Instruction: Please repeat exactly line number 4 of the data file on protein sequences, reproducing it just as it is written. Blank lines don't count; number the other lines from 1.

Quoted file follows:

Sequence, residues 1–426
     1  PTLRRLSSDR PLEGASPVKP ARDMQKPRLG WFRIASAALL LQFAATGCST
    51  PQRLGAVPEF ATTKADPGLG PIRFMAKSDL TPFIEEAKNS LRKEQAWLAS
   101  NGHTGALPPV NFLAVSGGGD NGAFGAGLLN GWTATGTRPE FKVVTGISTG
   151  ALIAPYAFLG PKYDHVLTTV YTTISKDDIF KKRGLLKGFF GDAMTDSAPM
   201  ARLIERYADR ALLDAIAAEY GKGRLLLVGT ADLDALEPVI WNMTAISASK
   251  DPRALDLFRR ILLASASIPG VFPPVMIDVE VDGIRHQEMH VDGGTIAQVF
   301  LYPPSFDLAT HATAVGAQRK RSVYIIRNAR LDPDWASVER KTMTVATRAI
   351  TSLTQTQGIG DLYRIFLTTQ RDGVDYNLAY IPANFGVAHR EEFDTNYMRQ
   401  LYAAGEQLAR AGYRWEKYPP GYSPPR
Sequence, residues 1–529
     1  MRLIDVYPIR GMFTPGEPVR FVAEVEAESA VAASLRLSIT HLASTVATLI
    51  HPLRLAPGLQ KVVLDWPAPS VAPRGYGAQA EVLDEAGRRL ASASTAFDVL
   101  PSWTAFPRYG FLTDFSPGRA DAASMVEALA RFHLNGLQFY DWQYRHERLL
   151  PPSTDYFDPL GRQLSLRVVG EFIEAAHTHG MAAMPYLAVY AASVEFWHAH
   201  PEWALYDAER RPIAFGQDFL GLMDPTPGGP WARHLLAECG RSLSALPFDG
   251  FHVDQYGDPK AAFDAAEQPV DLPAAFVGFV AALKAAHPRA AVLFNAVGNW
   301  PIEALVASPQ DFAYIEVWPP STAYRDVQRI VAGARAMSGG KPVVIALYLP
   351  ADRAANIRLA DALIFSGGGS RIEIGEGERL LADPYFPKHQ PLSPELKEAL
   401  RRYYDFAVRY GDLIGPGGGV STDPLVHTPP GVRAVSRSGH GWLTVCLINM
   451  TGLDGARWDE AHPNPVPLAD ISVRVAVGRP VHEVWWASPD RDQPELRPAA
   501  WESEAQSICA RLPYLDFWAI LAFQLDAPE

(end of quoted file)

   101  NGHTGALPPV NFLAVSGGGD NGAFGAGLLN GWTATGTRPE FKVVTGISTG